Global Business Institute, Plaintiff-Respondent v. Rivkin Radler LLP, Defendant-Appellant, 104918/06
- Appellate Division, First Department
- Before: Mazzarelli, J.P., Moskowitz, Degrasse, Manzanet-Daniels, Clark, JJ.
- For Plaintiff: For Appellant: Evan H. Krinick of Counsel, Rivkin Radler LLP, Uniondale
- For Defendant: For Respondent: Martin Stein of Counsel, Heller, Horowitz & Feit, P.C., New York.
Cite as: Global Business Institute v. Rivkin Radler LLP, 104918/06, NYLJ 1202583843264, at *1 (App. Div., 1st, Decided December 27, 2012)
Before: Mazzarelli, J.P., Moskowitz, Degrasse, Manzanet-Daniels, Clark, JJ.
Decided: December 27, 2012
For Appellant: Evan H. Krinick of Counsel, Rivkin Radler LLP, Uniondale
For Respondent: Martin Stein of Counsel, Heller, Horowitz & Feit, P.C., New York.
Order, Supreme Court, New York County (Doris Ling Cohan, J.), entered April 19, 2012, which denied defendant's motion for partial summary judgment dismissing plaintiff's claims for tax escalation damages and substantial completion/lost profits damages, unanimously reversed, on the law, without costs, and the motion granted.
"An action for legal malpractice requires proof of three elements: (1) that the attorney was negligent; (2) that such negligence was a proximate cause of plaintiff's losses; and (3) proof of actual damages" (Brooks v. Lewin, 21 AD3d 731, 734 [1st Dept 2005], lv denied 6 NY3d 713 ). "[T]he failure to show proximate cause mandates dismissal of a legal malpractice action regardless of whether the attorney was negligent" (Wo Yee Hing Realty Corp. v. Stern, 99 AD3d 58, 63 [1st Dept 2012] [internal quotation marks omitted]).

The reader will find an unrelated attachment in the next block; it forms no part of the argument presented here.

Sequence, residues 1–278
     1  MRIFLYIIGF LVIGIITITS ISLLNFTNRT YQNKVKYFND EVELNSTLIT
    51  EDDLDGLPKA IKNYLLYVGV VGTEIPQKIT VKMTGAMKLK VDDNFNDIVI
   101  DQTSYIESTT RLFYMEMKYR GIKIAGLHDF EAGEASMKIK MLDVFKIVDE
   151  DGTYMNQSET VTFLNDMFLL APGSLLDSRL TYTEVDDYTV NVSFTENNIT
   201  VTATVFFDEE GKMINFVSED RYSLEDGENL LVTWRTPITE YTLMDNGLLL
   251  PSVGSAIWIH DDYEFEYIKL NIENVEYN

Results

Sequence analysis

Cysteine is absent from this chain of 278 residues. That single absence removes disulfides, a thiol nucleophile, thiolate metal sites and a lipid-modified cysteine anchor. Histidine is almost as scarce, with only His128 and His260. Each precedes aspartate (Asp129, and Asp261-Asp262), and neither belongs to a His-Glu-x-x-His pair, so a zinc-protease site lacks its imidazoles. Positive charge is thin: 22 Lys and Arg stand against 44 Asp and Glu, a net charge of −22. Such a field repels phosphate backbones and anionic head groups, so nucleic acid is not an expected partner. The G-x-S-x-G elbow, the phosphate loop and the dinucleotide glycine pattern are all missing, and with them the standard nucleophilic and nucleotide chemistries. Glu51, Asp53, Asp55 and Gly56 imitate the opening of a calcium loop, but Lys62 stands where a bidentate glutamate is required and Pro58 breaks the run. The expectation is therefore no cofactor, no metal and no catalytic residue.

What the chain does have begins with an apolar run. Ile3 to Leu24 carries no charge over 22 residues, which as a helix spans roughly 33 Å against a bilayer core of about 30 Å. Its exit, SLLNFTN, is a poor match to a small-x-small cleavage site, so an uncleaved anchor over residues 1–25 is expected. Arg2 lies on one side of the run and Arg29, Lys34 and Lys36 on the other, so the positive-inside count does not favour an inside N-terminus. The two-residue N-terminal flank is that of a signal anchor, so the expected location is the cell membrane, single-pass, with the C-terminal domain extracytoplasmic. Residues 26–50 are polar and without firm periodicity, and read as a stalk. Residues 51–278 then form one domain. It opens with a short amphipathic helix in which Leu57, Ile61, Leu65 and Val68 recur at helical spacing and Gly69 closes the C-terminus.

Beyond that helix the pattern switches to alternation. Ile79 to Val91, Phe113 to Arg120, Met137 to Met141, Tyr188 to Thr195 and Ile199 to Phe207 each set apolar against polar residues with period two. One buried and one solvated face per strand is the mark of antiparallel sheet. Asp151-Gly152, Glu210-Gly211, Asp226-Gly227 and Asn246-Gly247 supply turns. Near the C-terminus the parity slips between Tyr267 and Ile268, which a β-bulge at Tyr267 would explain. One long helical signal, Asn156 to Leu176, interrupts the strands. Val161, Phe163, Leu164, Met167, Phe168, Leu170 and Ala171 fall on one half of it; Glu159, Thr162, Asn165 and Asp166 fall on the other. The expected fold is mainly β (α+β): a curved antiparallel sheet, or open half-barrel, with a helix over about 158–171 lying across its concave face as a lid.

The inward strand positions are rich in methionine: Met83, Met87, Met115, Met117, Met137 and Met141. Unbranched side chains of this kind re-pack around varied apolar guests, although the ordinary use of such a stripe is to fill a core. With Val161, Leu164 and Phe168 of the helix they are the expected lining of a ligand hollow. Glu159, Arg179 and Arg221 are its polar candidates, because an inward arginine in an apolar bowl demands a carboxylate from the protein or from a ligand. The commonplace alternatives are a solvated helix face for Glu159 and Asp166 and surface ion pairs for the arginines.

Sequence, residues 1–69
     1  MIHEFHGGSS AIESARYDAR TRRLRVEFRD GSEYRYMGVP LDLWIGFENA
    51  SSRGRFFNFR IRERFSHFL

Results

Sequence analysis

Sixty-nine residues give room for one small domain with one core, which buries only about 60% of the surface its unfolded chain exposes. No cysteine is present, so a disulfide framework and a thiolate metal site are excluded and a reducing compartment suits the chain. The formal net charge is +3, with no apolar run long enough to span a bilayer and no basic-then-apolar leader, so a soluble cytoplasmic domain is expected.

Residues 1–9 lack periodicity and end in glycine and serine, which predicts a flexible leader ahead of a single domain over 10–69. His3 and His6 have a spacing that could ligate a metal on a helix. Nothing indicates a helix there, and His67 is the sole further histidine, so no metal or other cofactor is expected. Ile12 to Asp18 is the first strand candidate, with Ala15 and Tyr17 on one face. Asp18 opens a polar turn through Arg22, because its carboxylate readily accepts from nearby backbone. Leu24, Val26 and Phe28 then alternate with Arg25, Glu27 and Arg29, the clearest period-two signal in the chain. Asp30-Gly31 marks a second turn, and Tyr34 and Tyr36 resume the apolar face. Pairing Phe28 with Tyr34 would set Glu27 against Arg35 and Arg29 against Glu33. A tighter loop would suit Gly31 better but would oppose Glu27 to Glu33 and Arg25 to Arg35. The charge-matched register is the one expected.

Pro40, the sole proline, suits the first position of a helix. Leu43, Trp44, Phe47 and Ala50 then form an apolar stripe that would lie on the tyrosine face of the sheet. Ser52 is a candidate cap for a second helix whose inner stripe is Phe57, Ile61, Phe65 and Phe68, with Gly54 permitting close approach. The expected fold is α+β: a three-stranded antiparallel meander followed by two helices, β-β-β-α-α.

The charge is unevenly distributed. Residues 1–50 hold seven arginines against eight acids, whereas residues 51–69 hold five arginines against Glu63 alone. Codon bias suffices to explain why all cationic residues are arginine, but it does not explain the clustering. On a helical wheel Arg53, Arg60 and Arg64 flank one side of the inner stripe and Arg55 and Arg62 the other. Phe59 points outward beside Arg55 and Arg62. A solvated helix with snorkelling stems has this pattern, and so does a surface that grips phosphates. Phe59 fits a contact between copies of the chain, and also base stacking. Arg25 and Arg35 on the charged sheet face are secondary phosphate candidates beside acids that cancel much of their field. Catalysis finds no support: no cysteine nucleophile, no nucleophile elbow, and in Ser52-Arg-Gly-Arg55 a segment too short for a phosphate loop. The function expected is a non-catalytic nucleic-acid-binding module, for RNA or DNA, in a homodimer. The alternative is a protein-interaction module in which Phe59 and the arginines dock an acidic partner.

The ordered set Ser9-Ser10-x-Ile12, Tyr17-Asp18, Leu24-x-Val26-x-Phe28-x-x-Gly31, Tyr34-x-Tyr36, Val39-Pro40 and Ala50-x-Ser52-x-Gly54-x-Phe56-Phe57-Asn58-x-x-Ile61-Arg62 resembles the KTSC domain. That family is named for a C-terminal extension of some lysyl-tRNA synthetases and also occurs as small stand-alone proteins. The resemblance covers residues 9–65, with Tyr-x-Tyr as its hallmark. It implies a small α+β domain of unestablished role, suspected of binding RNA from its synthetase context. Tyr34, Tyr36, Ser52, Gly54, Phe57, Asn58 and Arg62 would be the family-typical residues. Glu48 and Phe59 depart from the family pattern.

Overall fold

In this action for legal malpractice, defendant met its burden on summary judgment of "showing an absence of proximate cause" between the alleged negligence and plaintiff's losses (Levine v. Lacher & Lovell Taylor, 256 AD2d 147, 151 [1st Dept 1998]). The documentary evidence establishes that plaintiff, and defendant, the firm that represented plaintiff in the negotiation and drafting of the lease, requested that the landlord agree to utilizing a later base year than 2004/05 for real estate tax escalation and the landlord refused. The documentary evidence also establishes that plaintiff knowingly accepted the landlord's terms on this issue. In addition, defendant demonstrated that the landlord would not have agreed to an additional penalty beyond deferment of rent for late completion of the construction required for plaintiff to use the premises
for its business.
Plaintiff failed "to demonstrate a material issue of fact on the question of proximate cause" (Levine, 256 AD2d at 151). Notably, neither of plaintiff's experts contradicted defendant's expert's testimony that, at the time the subject lease was being negotiated, the real estate market strongly favored landlords.
Plaintiff's claim that it would have pursued alternative space is speculative and therefore insufficient to establish that defendant's malpractice, if any, was a proximate cause of plaintiff's loss (see Brooks, 21 AD3d at 734-735).
THIS CONSTITUTES THE DECISION AND ORDER
OF THE SUPREME COURT, APPELLATE DIVISION, FIRST DEPARTMENT.